The Aurora, Colo., golf course’s Solich Caddie and Leadership Academy currently has 45 eighth- and ninth-graders as caddies, and has tutored more than 100 caddies since the program began in 2012. The academy, the only program of its kind in the area at a public course, is part of an effort by the Colorado Golf Association to keep caddies in the game.
The Solich Caddie and Leadership Academy at CommonGround Golf Course in Aurora, Colo., is part of an effort by the Colorado Golf Association to keep caddies in the game, the Littleton (Colo.) Independent reported.
Caddies, while very visible on the professional tours, seem to belong to a bygone era when it comes to amateur golf. But in the Denver metro area, the trade of carrying a golf bag for money is amid something of a resurgence, the Independent reported.
Jake Pendergast, who will be a junior at Regis Jesuit, is a caddie at Colorado Golf Club in Parker. “I picked up caddying because I love golf and learning about the game,” he said. “There’s not too many ways to make money and have fun. Caddying is fun.”
The Colorado Golf Association purchased and re-designed the former Vista Mira Golf Course and in 2009 opened CommonGround. The Solich Caddie and Leadership Academy was started there in 2012. Today, there are 11 Denver-metro area caddie programs, including the Solich Academy, which is the only one at a public course, the Independent reported.
Ed Mate, Colorado Golf Association executive director and a former caddie at Denver Country Club, calls the program a “game changer.”
CommonGround has 45 eighth- and ninth-grade students as caddies this summer and has tutored more than 100 caddies since the Solich Academy started. Five have been awarded prestigious Evans scholarships to the University of Colorado. After two summers, CommonGround caddies are placed in existing Denver-area caddie programs, the Independent reported.
Columbine Country Club in Littleton, which saw its caddie program go by the wayside 15 years ago, has 60 caddies working this summer. Cherry Hills Country Club in Cherry Hills Village has one of the top caddie programs in Colorado with 155 caddies working this summer. There are 50 caddies at Lakewood Country Club, and there has been a noted increase in loops so far this summer, the Independent reported.
Caddies must have a certain measure of physical fitness. They carry bags that average about 25 pounds—though many bags have double straps, which make them more like backpacks. Years ago, bags were leather, as opposed to today’s lighter-weight materials, and single-strapped, making them more difficult to tote. It’s been estimated that caddies probably walk about seven miles during a day’s work, depending on the loops, the Independent reported.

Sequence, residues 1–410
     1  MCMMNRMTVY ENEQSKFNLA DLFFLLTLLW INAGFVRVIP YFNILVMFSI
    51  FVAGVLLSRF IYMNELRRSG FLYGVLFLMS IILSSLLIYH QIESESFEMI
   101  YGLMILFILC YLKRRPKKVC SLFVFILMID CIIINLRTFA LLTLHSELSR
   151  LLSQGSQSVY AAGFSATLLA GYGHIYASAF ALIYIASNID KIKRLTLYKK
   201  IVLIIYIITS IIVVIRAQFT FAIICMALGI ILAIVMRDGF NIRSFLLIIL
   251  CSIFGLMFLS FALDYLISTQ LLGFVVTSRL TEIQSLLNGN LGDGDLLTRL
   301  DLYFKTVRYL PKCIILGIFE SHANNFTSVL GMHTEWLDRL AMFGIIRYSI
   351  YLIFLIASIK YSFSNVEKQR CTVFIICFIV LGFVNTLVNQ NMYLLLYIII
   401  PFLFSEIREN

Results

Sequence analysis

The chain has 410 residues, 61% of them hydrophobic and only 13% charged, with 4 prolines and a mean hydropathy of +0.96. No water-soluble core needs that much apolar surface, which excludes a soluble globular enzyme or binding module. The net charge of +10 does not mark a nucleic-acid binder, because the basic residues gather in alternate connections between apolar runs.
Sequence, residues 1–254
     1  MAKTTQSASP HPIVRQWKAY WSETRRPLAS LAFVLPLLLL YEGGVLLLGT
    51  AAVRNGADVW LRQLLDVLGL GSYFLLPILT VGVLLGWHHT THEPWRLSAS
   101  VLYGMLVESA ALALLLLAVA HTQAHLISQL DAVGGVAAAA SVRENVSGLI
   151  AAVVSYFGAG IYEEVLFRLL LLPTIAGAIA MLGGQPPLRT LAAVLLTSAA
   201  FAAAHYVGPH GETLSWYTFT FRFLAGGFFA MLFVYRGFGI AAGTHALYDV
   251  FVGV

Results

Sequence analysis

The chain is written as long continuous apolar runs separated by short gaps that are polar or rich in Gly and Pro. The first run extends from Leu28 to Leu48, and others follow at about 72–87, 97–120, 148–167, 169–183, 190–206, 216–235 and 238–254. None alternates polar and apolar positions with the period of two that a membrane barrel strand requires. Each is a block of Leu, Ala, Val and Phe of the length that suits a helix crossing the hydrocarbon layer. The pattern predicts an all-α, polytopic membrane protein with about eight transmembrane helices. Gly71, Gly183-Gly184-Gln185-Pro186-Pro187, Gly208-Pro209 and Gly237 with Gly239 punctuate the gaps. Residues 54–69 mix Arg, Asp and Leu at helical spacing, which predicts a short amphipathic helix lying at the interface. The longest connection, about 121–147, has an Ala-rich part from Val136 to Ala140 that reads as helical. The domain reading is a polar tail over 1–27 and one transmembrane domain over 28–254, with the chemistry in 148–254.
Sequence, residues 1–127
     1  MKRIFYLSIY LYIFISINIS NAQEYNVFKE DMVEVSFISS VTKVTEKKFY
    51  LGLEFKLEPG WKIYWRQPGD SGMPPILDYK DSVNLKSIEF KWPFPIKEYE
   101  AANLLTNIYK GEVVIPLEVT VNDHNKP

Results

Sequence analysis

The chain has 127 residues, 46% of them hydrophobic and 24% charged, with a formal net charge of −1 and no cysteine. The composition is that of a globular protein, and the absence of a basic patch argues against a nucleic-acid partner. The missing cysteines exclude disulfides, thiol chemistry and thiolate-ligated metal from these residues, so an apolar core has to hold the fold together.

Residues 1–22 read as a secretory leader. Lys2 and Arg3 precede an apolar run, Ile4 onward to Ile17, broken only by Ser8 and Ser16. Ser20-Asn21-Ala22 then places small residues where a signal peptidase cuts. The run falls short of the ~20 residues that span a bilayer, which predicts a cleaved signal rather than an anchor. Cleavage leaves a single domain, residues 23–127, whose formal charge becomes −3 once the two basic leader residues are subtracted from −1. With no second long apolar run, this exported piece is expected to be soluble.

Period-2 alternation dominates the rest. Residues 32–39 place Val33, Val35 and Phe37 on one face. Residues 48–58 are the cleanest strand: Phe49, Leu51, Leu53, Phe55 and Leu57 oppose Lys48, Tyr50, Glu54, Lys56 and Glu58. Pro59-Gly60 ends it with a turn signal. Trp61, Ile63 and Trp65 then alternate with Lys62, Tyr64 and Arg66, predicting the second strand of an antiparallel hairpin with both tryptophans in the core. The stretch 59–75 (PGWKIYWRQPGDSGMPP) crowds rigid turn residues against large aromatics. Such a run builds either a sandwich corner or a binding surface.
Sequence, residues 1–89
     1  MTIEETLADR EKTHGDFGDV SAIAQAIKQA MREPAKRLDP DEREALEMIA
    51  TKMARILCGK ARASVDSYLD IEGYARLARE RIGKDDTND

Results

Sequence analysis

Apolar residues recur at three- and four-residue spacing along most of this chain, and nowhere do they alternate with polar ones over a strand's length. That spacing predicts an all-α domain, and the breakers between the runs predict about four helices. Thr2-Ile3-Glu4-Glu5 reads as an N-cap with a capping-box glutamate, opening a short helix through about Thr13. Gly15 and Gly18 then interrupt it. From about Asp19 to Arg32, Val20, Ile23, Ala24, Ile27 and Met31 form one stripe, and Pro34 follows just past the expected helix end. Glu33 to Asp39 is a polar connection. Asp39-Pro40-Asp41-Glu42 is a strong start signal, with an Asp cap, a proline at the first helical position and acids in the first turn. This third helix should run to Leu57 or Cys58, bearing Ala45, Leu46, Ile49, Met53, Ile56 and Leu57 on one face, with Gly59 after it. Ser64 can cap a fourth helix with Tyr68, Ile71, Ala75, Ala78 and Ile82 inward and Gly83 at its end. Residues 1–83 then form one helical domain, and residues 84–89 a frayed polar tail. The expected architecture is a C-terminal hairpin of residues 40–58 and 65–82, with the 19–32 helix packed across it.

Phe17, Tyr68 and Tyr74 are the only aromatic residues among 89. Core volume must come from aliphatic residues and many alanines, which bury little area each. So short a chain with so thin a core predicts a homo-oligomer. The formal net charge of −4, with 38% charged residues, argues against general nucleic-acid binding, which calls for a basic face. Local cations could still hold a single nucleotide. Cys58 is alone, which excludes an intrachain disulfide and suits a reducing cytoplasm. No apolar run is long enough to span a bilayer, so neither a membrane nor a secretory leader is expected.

During their treks, caddies do more than carry the bag, helping locate balls, raking bunkers, tending the flagstick and cleaning clubs and balls. More advanced caddies also help players make the proper club selection and read the greens on putts, the Independent reported.
In pro golf, “the caddie just has a gigantic role now,” said Bill Loeffler, owner of The Links at Highlands Ranch course and a former PGA Tour player. “He’s a coach, mental coach and father figure sometimes,” Loeffler said. “He’s a guy to lean on in bad times and enjoy good times, too. There are a lot of friendships.”
Local caddies have a more reserved responsibility. “These are 15- and 16-year-old kids, and the best ones are the most attentive and don’t get distracted,” said Pilo Troup, Lakewood Country Club assistant caddiemaster.
Through caddying, young loopers learn about the game, earn money and some even secure college scholarships. The Evans Scholarship, awarded by the Western Golf Association, provides full tuition and housing to students attending one of 14 universities across the country. Recipients must perform well as caddies, be strong academically and show good character, leadership and demonstrate financial need. The scholarship is named for Chick Evans, a top amateur golfer who won the U.S. Open and U.S. Amateur in 1916, the Independent reported.
Keane McClintock, a Cherry Creek High School graduate, Evans scholar and sophomore at Colorado University, still caddies at Cherry Hills. “When I started caddying five years ago, the main goal was to win a scholarship,” he said. “It’s a great summer job just based on the amount of money you make—and you’re outside and not in an office building.”
While caddies on the PGA Tour can earn hundreds of thousands to more than a million dollars a year, local loopers are paid on a more modest scale. They usually get a base salary plus gratuities from golfers. There are basic rates depending on the skill and experience of a caddie and the country club. For example, the rate at Cherry Hills is $25 for a rookie, $30 for a “B” caddie, $35 for an “A” caddie and $40 for an honor-class caddie. CommonGround, on the other hand, uses an educational grant to pay caddies, so golfers don’t have to pay, except for tips, the Independent reported.
Molly Lucas, a Cherry Creek graduate who will enroll as a freshman at North Carolina State next month, has completed 45 loops this summer after racking up 100 last year, the Independent reported.
“Golf is a passion of mine,” Lucas said. “I feel there is not a better place to be than a place you love, being outdoors, great work, you meet amazing people—and I couldn’t ask for a better job.”